Tim Coppens' First Under Armour Sport Presentation Was a Blur
In under five minutes, models marched quickly down the makeshift runway and then back into their gated pen.
When it was announced that the very first Under Armour Sport (UAS) collection by designer Tim Coppens would be presented at New York Fashion Week this September, we weren't really sure what to expect. Athleisure? Workwear? More dad sneakers of the Steph Curry x Under Armour variety?
Upon arriving at the show, which took place at a warehouse in South Street Seaport on the last day of NYFW, there were still more questions. According to the invite, there would be four "presentations" taking place every 30 minutes, and guests were instructed to arrive 10 minutes ahead of the one they chose to attend. Given the "eventization" of fashion shows, no one knew if it would be an actual runway, an interactive presentation or perhaps a performance by a surprise guest.
Minutes before the second presentation began, attendees were ushered into the dark space, lit only by flashing florescent lights. In the center of room was an installation constructed of metal pipe, from which dangled water-proof coats, workman boots and a cropped cream-colored crewneck sweatshirt with zipper details finished in navy.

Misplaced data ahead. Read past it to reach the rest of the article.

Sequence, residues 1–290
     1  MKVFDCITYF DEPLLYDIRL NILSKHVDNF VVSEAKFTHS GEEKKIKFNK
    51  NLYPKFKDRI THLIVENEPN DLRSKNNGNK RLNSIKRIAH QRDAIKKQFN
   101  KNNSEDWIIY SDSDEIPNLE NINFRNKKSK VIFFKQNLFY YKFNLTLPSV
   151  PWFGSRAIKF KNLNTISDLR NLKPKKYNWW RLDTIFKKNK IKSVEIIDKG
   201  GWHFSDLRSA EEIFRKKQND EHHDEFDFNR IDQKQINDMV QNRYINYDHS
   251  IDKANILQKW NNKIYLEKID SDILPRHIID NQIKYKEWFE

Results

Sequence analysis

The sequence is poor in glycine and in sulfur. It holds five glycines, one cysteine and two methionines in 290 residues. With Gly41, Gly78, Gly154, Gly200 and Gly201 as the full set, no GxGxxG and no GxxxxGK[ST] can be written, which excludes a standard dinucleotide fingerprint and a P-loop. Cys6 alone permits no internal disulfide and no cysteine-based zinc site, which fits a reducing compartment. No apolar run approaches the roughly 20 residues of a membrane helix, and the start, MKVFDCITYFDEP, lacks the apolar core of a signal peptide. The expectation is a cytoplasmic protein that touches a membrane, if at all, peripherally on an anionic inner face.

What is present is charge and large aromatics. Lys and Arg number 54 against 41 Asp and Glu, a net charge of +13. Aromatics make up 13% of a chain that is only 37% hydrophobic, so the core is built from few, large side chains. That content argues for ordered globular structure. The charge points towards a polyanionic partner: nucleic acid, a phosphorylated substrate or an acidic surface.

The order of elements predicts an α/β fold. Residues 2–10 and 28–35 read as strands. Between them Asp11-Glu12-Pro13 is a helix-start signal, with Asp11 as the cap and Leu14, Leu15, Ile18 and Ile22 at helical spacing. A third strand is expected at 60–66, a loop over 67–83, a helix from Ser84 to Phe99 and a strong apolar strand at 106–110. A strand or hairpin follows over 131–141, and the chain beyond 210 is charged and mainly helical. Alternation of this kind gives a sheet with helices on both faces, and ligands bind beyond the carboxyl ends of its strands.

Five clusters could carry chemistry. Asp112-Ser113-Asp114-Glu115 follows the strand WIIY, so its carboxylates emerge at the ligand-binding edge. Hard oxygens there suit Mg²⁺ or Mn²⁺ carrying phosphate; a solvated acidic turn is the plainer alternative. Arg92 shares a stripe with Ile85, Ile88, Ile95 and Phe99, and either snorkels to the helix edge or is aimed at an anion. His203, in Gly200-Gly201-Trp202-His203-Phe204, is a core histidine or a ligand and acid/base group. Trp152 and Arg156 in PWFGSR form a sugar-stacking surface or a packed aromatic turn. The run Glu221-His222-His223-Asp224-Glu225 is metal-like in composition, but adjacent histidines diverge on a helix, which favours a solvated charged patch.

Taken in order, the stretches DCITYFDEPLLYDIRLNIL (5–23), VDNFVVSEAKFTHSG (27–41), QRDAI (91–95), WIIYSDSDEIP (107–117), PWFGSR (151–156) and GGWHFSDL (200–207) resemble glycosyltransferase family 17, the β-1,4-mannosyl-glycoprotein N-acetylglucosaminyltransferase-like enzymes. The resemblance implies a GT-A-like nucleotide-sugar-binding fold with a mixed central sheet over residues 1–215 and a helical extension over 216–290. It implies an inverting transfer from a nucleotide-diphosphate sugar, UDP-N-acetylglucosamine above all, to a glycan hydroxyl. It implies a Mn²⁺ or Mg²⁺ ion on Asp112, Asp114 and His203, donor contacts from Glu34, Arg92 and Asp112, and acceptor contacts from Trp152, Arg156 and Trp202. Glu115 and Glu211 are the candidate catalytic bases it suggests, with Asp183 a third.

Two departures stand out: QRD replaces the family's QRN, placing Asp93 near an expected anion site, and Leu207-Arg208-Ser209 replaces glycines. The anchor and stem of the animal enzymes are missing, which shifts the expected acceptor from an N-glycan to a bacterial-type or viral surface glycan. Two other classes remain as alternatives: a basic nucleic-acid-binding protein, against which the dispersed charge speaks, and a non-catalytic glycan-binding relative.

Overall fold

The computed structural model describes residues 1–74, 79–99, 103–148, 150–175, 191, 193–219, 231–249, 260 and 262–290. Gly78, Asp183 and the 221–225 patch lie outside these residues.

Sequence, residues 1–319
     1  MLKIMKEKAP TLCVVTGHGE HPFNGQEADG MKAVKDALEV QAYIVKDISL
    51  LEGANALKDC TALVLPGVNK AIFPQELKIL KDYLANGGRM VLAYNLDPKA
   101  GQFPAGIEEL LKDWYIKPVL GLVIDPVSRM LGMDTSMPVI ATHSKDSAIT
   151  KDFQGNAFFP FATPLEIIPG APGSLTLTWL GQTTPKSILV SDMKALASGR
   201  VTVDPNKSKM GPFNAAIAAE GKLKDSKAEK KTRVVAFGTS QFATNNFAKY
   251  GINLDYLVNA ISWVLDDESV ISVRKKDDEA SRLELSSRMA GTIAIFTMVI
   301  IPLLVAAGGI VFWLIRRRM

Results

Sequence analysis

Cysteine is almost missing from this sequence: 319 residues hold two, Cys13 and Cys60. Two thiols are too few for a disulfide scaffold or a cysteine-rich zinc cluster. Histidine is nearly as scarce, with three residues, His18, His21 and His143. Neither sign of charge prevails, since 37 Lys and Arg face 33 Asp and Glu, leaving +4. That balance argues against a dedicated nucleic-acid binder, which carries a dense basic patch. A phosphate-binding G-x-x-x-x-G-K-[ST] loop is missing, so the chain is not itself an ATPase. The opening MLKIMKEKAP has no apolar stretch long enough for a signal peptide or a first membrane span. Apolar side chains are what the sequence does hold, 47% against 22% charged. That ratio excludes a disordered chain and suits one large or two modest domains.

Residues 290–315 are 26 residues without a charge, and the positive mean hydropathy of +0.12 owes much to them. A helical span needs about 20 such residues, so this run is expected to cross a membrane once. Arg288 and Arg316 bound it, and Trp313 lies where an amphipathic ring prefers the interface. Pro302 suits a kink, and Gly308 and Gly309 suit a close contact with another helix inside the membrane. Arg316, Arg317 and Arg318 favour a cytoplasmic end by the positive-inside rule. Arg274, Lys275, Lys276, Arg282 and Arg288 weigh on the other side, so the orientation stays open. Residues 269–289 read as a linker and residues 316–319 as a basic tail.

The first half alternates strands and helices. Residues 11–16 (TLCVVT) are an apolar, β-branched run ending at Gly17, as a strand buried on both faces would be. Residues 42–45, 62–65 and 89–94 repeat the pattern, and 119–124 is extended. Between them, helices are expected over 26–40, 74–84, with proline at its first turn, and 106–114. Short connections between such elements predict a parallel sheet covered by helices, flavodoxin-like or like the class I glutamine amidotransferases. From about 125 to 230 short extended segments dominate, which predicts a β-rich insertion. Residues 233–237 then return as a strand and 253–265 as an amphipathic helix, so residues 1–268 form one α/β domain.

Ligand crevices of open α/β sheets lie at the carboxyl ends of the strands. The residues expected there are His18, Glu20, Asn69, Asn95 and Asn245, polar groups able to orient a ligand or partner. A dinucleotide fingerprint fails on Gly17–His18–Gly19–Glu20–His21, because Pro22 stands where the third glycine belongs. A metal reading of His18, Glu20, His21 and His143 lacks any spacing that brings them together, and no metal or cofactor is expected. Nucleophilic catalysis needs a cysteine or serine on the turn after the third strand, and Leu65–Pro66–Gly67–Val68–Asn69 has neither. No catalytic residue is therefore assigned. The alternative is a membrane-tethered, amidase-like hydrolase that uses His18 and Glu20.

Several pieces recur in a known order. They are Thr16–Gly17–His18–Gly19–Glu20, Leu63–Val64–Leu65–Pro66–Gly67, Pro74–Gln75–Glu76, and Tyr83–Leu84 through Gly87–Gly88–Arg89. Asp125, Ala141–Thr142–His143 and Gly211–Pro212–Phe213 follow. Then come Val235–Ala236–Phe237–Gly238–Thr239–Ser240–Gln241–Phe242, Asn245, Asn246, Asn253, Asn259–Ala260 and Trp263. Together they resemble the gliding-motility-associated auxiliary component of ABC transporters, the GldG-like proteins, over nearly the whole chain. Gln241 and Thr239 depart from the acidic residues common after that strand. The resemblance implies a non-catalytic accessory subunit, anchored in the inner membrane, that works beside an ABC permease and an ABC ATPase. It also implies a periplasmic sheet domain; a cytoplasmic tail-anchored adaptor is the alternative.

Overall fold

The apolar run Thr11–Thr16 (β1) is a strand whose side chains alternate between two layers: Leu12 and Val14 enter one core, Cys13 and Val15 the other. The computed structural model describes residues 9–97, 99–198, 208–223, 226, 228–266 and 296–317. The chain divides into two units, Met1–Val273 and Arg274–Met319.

WALK IT OUT: UAS' NYFW presentation. (Photo: Mike Coppola/Getty Images)
Finally, at show time, corrugated steel gates swung open to reveal the models — standing in a military-like formation not unlike at Kanye West's Yeezy presentations — who were dressed in warm urban streetwear (hooded parkas, anoraks, quilted nylon coats with removable sleeves attached by zipper).
After a few sharply choreographed formation changes, they marched quickly past the crowd in a circle around the installation before returning to the gates like sheep being herded back into the barn. The gates closed on the models once again, while members of the crowd wondered aloud, "Is it over?"
URBAN WARRIORS: UAS' NYFW presentation. (Photo: Mike Coppola/Getty Images)
According to show notes, UAS, which calls its look "modern American sportswear," was definitely made with utility in mind (its "fat tire boot" was constructed with neoprene lining, its "transition insulator jacket" with welded down fill), fusing Under Armour's technical sportswear with Coppens' recognizably minimalist, tailored aesthetic. Dresses with crisp asymmetrical hemlines, thigh-high stockings and pops of traffic cone orange are sure to keep the fashion crowd enticed.
Showgoers who blinked (or, like this writer, were too short even in platform sandals to see over Fabolous in the front row) may have missed the details of the clothes, but considering the collection is already available for purchase ("see-now, buy-now" strikes again) in Under Armour stores, Barneys New York and Mr Porter as well as online, does it even matter?